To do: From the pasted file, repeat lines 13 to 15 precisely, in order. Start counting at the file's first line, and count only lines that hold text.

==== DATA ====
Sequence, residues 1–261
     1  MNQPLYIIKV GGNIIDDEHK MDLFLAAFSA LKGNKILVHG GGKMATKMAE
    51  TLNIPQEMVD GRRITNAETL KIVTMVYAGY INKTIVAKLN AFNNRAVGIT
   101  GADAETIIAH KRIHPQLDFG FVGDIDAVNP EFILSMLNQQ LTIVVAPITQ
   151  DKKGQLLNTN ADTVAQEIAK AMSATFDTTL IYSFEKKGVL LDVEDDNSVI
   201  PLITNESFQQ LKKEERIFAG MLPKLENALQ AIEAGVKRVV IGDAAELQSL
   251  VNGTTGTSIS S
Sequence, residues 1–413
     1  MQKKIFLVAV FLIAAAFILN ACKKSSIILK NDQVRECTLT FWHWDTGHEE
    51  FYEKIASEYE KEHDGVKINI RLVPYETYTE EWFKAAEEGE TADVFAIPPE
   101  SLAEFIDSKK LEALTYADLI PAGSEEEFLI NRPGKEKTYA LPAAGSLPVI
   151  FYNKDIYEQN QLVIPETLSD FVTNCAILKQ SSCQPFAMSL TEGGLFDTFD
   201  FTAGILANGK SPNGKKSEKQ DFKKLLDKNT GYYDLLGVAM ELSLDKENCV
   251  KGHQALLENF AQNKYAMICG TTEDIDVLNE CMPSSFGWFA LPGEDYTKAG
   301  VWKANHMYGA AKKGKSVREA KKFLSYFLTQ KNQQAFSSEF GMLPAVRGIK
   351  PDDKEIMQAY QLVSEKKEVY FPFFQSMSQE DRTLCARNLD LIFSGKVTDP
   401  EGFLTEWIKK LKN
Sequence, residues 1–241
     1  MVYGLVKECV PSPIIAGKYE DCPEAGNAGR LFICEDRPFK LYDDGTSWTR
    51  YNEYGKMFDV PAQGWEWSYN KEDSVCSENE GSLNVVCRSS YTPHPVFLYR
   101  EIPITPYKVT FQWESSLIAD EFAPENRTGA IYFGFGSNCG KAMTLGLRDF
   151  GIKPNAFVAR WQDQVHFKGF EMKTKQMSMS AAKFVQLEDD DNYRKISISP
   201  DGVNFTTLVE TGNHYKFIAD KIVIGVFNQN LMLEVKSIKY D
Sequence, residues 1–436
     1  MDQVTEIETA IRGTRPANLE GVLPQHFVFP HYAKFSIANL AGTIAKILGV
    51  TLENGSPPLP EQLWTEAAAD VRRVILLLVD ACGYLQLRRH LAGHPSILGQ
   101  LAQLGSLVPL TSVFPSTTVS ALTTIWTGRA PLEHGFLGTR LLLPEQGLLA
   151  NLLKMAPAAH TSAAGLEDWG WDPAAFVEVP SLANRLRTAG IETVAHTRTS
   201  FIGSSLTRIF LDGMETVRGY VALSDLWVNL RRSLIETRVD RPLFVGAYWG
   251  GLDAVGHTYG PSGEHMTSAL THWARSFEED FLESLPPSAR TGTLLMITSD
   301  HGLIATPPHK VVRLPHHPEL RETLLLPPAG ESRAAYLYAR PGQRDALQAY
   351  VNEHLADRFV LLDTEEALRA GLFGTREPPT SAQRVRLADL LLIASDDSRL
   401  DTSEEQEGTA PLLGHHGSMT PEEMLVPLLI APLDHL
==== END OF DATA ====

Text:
   201  FTAGILANGK SPNGKKSEKQ DFKKLLDKNT GYYDLLGVAM ELSLDKENCV
   251  KGHQALLENF AQNKYAMICG TTEDIDVLNE CMPSSFGWFA LPGEDYTKAG
   301  VWKANHMYGA AKKGKSVREA KKFLSYFLTQ KNQQAFSSEF GMLPAVRGIK